The National City Bears are roaring up a storm on football turf in the south bay. They might only be a couple years old, but their 8-1 record this season has proven their abilities as a team.
Dedicated to the development of their athletes in promoting the tradition of good sportsmanship, the team’s primary focus is to prepare athletes to perform at the next level in the game of football.
CEO Ditas Yamane originally became an owner of the team because she wanted to understand football. But since then, it has evolved into something much more.
"It feels good when you put together a program that helps young men train and do something good for themselves rather than getting in trouble," she said. "It is an accomplishment when you see these young men discipline themselves and become a better citizen in the community and have a better quality of life."
The National City Bears are part of the LCFL Western Conference Minor League Football and are focused on developing football players. They support community events such as local pop warner teams, the South Bay youth football league and the Sweetwater High School Red Devils football program. The Bears have also have partnered with National City and Sweetwater High School for a free youth football camp and coach’s workshop in the community.
"The players are diligent and understand that they have responsibilities as Bears," she said. "They come to practice and they train hard to be at the level to win the game."
Quarterback Michael Clark, 29, joined because he didn’t feel comfortable playing with any other team.
"I didn't want to play for the North County team and I don't feel comfortable with them," he said. "I tried out with other teams but it was not what my expectations were."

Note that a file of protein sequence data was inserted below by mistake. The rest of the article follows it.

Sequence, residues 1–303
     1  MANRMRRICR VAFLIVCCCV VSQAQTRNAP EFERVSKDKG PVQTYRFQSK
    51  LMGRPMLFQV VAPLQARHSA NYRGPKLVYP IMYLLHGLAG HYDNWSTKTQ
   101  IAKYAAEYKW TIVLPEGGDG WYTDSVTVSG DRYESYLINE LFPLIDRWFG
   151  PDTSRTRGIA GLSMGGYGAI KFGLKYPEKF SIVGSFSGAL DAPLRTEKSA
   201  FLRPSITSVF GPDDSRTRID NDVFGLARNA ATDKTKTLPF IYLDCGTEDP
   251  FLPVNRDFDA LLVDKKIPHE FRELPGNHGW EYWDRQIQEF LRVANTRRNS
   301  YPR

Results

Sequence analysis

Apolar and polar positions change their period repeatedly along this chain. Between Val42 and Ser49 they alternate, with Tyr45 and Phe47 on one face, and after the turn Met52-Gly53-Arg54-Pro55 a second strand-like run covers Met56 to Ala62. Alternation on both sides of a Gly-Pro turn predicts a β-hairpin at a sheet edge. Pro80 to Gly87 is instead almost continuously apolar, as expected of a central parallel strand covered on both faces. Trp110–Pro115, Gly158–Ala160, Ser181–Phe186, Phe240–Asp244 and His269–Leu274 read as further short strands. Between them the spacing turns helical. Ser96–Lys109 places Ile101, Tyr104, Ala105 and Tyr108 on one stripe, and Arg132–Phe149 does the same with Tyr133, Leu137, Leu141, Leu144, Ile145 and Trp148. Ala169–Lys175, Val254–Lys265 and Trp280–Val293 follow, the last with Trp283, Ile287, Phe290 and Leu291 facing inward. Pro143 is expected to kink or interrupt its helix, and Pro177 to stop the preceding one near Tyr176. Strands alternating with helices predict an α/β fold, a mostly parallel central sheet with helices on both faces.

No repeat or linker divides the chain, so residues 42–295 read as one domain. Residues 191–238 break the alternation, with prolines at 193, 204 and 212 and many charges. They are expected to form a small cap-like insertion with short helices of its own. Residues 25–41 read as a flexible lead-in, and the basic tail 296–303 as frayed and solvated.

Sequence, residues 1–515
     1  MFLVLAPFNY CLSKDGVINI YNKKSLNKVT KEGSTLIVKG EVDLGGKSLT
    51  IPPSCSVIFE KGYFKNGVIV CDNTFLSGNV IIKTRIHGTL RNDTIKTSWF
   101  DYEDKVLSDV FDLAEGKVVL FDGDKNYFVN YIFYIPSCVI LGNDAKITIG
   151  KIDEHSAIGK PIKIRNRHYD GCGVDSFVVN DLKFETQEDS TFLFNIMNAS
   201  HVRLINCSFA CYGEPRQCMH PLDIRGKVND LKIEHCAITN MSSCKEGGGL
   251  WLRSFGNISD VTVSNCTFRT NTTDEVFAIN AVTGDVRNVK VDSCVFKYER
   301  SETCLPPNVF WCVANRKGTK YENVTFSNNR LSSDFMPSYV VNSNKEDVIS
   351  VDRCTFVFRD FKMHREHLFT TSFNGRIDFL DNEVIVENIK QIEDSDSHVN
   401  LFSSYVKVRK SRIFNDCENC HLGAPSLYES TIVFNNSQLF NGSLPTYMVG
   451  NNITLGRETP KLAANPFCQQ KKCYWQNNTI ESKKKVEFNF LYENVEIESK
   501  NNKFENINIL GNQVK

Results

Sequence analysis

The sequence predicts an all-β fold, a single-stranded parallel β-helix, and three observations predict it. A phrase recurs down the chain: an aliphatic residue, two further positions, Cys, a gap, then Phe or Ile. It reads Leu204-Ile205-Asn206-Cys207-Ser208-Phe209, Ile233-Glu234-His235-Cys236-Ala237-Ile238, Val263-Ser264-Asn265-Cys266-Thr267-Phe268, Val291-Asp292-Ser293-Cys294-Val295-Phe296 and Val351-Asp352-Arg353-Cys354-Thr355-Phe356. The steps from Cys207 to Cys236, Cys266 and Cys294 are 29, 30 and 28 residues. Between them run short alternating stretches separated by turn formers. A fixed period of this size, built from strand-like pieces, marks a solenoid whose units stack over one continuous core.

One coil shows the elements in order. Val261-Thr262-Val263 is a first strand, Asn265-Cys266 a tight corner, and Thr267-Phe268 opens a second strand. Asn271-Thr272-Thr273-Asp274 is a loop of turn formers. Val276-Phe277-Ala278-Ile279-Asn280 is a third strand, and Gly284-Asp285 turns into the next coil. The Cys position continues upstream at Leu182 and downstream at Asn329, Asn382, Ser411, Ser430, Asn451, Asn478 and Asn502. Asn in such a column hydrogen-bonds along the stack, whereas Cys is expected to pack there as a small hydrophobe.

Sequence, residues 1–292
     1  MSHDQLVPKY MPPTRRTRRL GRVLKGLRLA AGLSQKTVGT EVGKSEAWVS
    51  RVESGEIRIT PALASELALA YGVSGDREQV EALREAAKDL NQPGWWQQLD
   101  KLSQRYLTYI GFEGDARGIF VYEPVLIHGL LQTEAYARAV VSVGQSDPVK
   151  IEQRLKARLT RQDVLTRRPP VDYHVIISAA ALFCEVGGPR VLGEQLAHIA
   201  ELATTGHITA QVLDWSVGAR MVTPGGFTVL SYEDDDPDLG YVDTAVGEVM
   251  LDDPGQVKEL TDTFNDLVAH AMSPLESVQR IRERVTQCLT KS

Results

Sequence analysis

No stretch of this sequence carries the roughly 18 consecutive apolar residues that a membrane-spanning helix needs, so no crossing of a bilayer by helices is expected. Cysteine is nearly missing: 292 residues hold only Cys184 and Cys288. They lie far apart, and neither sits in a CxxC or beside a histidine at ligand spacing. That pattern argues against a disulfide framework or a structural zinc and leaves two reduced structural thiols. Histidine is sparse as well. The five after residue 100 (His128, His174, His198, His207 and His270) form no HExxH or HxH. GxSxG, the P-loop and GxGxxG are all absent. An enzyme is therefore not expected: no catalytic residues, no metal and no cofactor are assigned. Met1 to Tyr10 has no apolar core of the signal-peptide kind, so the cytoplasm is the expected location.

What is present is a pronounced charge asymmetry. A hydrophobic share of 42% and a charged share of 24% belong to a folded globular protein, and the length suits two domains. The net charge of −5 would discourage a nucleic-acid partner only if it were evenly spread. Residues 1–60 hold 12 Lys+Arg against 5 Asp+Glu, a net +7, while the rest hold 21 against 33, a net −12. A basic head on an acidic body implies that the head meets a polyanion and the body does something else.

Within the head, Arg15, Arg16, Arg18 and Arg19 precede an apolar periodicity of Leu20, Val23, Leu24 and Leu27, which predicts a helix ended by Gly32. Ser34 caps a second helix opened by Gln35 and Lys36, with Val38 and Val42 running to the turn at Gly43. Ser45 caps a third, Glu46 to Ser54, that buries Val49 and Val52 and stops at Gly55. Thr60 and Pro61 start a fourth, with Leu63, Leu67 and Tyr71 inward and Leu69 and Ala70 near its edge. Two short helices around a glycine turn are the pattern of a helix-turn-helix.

Clark said he has seen a structured organization in National City so he stayed and put his commitment to the Bears.
"If there's an opportunity to play at the next level I will, but the National City Bears are here to stay and I will help make them stronger," he said. "To those who want to join the team, be ready to work hard on and off the field. Embrace the community that supports you and understand the vision of the organization."
During practice and games at the Gail Devers Stadium at Sweetwater High School, neighbors come down to watch and talk to the players. Special teams coach Ira Morris said some of those neighbors are at every home game.
"They didn’t even know they had a team in their own backyard," he said. "The businesses that sponsor us know this is their team and they always help and get us going. The politicians here love us. We really feel protected."
Even though the Bears have only been together a few years, they have created a strong bond.
"We've had our ups and downs but we stood in there like a family and we work together like a family," said Morris. "When something did go wrong, we fixed it. “We kept going like a family would do."
Yamane said the National City Bears want to be embraced by the community and in order to do so they have to let the community take ownership of their local team.
“The only thing they know about football here is the Chargers, but because of what we did to our name, it shows we’re very engaged here in National City,” she said. “National City Mayor Ron Morrison is very supportive of our team. Our relationship with the community is very important because they are the ones that will make us big and will fight for us.”